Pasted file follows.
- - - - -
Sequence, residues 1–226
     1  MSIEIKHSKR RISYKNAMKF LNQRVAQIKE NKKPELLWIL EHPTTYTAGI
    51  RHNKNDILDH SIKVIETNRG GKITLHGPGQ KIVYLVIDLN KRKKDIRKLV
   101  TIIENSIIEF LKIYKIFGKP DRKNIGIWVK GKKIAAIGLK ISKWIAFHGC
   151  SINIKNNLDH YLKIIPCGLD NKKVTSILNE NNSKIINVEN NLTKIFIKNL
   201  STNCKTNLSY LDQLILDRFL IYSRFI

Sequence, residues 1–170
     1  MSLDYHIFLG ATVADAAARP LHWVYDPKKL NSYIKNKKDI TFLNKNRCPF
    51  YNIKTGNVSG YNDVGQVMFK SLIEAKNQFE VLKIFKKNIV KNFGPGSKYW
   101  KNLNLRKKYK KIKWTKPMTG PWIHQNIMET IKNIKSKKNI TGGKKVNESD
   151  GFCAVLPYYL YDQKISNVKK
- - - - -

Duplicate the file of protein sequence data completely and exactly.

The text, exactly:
Sequence, residues 1–226
     1  MSIEIKHSKR RISYKNAMKF LNQRVAQIKE NKKPELLWIL EHPTTYTAGI
    51  RHNKNDILDH SIKVIETNRG GKITLHGPGQ KIVYLVIDLN KRKKDIRKLV
   101  TIIENSIIEF LKIYKIFGKP DRKNIGIWVK GKKIAAIGLK ISKWIAFHGC
   151  SINIKNNLDH YLKIIPCGLD NKKVTSILNE NNSKIINVEN NLTKIFIKNL
   201  STNCKTNLSY LDQLILDRFL IYSRFI

Sequence, residues 1–170
     1  MSLDYHIFLG ATVADAAARP LHWVYDPKKL NSYIKNKKDI TFLNKNRCPF
    51  YNIKTGNVSG YNDVGQVMFK SLIEAKNQFE VLKIFKKNIV KNFGPGSKYW
   101  KNLNLRKKYK KIKWTKPMTG PWIHQNIMET IKNIKSKKNI TGGKKVNESD
   151  GFCAVLPYYL YDQKISNVKK